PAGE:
It’s the time of the year when baseball games have that different feel to it. While they technically have the same value over this month as the games in April or May, the final weeks of the baseball regular season bring a level of intensity that continues to snowball into the playoffs. While the excitement hits a fever pitch at this time of the year, it’s those teams looking to build their farm systems that tend to get in the way.
When you’re up by five or six games in the division, September 1 means the addition of an extra arm or two in the bullpen. When you’re 20 games out, September 1 means you have an additional 15 players to create new lineup combinations with. Major League Baseball is full of contradictions, and the September call-ups remain its biggest disappointment for fans looking for games with as much drama as possible. It has a different feel to it when a team only has one pitcher left in the bullpen, rather than the eighth arm out of the bullpen to throw 1/3 of an inning.
I understand the excitement factor for players on teams well out of the hunt. It wasn’t that long ago that Tigers fans would begin to drool over the prospect of (fill in the blank) hitting .250 at AA with 15 home runs. Those days are thankfully behind us, and the extra roster spots look to only be used for an additional spot start or an actual backup catcher. I wouldn’t mind if they capped rosters at 30, but it just seems that extending to a dugout packed with prospects just leads to longer games and sometimes less excitement.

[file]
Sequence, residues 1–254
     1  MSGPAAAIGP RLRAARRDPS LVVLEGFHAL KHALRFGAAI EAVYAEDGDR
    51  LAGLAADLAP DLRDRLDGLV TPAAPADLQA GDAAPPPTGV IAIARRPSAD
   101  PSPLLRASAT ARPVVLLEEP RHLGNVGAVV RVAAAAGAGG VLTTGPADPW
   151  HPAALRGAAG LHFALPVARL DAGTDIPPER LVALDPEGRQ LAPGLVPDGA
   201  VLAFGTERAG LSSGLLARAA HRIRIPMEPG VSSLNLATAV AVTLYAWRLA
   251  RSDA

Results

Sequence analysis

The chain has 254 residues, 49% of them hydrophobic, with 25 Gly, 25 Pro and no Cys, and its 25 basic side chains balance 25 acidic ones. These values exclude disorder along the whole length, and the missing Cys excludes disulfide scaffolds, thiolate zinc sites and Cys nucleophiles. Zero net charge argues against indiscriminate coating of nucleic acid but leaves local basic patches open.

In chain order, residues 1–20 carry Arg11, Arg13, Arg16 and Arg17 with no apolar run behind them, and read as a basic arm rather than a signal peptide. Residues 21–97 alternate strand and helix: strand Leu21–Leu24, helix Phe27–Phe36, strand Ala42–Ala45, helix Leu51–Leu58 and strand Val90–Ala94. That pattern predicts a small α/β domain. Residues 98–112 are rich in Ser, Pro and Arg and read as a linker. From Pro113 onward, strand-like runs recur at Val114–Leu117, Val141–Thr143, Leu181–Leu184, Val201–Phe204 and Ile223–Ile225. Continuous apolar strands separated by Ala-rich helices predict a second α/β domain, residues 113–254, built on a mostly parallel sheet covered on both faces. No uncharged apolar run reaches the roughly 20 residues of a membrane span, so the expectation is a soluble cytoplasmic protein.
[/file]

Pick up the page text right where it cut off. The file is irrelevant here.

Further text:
In the famed game 162 of 2006 against the Royals, the two teams combined to use 13 pitchers across the board, including four pitching less than an inning. Even though it was 12 innings, the game took over 4.5 hours and felt liked it dragged on over the final six innings. I love teams that are out of it that still provide a fight, but it was this game where I finally gave in that roster expansions were serving the wrong purpose.
For the Tigers, the next four weeks are standing between this team and the franchise history books. Over the past 23 years (since 1988), the Tigers have had the occasional close call to taking a division title and have fallen short. They even moved divisions halfway through this journey, now avoiding the annual battle that has become Red Sox-Yankees. Even with two teams in pursuit this season, one has to think that this September will be different than the 23 previous ones.